Impact of using less objective symptoms to define tolerated dose during food challenges: A data-driven approach

Paul J. Turner, Nandinee Patel, Katharina Blumchen, Stefanie Berkes, Hugh A. Sampson, Kirsten Beyer

Research output: Contribution to journalArticlepeer-review

2 Scopus citations


Background: Food challenges (FCs) form the basis for assessing efficacy outcomes in interventional studies of food allergy; however, different studies have used a variety of similar but not identical criteria to define a challenge reaction, including subjective (nonobjective) symptoms occurring in a single-organ system as dose limiting. Objective: Our aim was to undertake a secondary analysis of 4 interventional studies to assess the impact of using less objective criteria to determine challenge-stop on reaction thresholds and their reproducibility. Methods: We analyzed individual participant data, including individual participant data meta-analysis, by using 3 different published challenge-stop criteria: (1) PRACTALL consesus criteria; (2) Consortium for Food Allergy Research version 3 (CoFAR v3) with at least 1 moderate- or severe-grade symptom; or (3) CoFAR v3 with at least 2 mild symptoms occurring in different organ systems. Reproducibility of challenge threshold was also assessed in participants undergoing subsequent repeat FCs. Results: Four studies, with detailed challenge data from a total of 592 participants, were included. Applying CoFAR v3 definitions for dose-limiting symptoms resulted in an underestimate of reaction thresholds compared with those in PRACTALL (P < .001) that is equivalent to almost a single dosing increment when using a semi-log dosing regimen. Reproducibility was also reduced when applying CoFAR v3 (P < .001 [n = 223]). Using the least conservative interpretation of CoFAR v3 (≥2 mild symptoms occurring in different systems) resulted in a significant overestimate of 15% when assessing oral immunotherapy efficacy. Applying a data-driven minor modification to CoFAR v3 resulted in a new set of challenge-stop criteria with validity similar to that of PRACTALL but one that is simpler to implement and in which significant gastrointestinal discomfort with observable decreased activity remains a dose-limiting symptom. Conclusion: The use of less objective symptoms to define challenge-stop compromises the reproducibility of the FC as a tool to assess efficacy outcomes in interventional studies, and potentially overestimates the efficacy of the intervention tested.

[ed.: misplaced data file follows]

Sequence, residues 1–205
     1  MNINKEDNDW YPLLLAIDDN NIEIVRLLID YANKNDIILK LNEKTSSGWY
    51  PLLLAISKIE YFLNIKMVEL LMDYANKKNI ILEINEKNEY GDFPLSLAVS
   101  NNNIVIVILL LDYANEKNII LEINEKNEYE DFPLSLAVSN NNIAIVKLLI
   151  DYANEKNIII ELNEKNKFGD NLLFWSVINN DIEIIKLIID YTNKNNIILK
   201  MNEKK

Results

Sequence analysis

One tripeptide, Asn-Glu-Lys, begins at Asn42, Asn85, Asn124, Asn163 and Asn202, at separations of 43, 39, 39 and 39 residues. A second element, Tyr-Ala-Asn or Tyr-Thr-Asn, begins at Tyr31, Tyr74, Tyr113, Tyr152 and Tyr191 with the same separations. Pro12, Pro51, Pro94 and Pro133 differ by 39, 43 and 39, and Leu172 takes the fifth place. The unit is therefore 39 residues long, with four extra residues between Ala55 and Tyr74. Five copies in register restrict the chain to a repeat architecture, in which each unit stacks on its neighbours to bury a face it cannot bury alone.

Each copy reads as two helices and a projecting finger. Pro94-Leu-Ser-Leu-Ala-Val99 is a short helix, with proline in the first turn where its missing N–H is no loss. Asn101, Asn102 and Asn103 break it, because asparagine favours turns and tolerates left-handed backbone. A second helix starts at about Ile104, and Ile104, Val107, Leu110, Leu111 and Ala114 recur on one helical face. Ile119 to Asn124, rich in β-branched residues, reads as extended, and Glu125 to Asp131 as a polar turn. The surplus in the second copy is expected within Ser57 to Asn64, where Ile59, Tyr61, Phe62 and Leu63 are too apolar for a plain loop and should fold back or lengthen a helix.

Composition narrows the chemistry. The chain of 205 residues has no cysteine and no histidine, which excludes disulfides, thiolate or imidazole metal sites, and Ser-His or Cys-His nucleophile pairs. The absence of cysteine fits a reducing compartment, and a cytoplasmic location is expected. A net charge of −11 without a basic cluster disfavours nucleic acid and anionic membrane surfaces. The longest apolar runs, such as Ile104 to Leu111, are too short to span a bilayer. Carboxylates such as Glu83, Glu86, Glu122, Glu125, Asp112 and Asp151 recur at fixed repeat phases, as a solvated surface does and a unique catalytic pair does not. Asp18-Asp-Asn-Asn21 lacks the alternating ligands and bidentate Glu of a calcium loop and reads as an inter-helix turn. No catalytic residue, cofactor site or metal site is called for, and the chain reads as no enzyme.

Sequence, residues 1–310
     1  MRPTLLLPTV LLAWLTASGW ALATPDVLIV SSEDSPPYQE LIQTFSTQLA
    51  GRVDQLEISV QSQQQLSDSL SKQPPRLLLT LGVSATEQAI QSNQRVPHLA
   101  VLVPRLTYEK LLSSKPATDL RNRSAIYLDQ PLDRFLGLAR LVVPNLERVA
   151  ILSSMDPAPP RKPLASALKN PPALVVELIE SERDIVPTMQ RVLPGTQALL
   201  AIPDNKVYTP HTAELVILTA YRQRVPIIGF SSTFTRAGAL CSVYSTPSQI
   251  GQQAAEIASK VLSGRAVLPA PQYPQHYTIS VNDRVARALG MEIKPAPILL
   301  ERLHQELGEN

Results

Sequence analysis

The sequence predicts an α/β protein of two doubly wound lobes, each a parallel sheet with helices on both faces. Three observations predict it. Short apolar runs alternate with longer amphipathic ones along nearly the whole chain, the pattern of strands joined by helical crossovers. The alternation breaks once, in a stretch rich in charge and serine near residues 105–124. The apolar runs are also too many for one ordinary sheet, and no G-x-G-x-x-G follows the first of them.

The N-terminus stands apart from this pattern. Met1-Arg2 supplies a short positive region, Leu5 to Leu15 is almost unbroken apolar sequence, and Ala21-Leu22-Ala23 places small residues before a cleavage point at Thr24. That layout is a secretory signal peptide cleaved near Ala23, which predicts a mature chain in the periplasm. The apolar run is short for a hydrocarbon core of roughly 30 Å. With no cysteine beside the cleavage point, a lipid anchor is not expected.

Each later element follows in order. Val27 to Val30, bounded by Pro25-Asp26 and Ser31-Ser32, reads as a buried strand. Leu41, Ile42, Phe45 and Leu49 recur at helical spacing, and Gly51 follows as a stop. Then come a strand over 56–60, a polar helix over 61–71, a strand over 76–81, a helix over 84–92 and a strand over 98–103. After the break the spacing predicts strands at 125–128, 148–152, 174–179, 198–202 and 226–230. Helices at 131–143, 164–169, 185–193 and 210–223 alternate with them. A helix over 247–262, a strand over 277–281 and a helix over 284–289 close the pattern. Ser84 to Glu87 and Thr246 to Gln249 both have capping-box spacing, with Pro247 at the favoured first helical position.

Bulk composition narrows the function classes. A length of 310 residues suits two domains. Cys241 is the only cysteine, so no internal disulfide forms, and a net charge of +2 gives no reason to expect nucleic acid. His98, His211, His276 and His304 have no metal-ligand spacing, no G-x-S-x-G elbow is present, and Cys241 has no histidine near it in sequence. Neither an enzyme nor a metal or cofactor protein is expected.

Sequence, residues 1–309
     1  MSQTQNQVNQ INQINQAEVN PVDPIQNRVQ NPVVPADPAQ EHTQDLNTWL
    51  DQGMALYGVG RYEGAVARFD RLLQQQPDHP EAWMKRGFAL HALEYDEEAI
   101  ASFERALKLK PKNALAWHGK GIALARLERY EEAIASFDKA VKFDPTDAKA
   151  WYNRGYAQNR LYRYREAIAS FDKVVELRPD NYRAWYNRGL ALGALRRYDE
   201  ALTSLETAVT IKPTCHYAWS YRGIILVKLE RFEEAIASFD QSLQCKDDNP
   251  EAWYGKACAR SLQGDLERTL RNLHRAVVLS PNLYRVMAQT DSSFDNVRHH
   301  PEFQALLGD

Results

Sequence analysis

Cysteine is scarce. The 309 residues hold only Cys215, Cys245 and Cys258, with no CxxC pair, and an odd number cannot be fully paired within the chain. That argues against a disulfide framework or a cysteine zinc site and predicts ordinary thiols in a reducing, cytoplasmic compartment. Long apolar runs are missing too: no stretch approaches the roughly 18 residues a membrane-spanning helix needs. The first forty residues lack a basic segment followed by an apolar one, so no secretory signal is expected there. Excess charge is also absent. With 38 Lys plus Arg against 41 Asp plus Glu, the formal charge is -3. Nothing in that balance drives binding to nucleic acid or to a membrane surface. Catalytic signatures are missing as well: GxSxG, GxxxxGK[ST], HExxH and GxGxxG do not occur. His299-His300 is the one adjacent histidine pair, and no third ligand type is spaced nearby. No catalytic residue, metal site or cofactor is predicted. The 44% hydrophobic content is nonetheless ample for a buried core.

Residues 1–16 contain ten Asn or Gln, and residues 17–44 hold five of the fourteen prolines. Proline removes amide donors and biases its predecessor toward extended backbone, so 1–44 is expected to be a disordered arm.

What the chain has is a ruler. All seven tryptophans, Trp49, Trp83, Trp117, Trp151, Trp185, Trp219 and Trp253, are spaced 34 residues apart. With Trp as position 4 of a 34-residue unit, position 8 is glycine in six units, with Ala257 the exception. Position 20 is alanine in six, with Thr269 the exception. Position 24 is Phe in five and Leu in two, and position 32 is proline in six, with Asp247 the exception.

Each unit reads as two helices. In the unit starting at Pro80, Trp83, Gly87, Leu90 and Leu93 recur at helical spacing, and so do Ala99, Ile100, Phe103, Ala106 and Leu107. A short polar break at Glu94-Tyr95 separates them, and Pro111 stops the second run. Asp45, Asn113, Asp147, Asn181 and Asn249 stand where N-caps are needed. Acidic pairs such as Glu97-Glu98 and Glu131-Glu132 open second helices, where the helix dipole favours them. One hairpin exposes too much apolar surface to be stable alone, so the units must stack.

Original languageEnglish
JournalJournal of Allergy and Clinical Immunology
StateAccepted/In press - 2023


  • CoFAR
  • eliciting dose
  • food challenge
  • peanut
  • reproducibility
  • thresholds


Dive into the research topics of 'Impact of using less objective symptoms to define tolerated dose during food challenges: A data-driven approach'. Together they form a unique fingerprint.

Cite this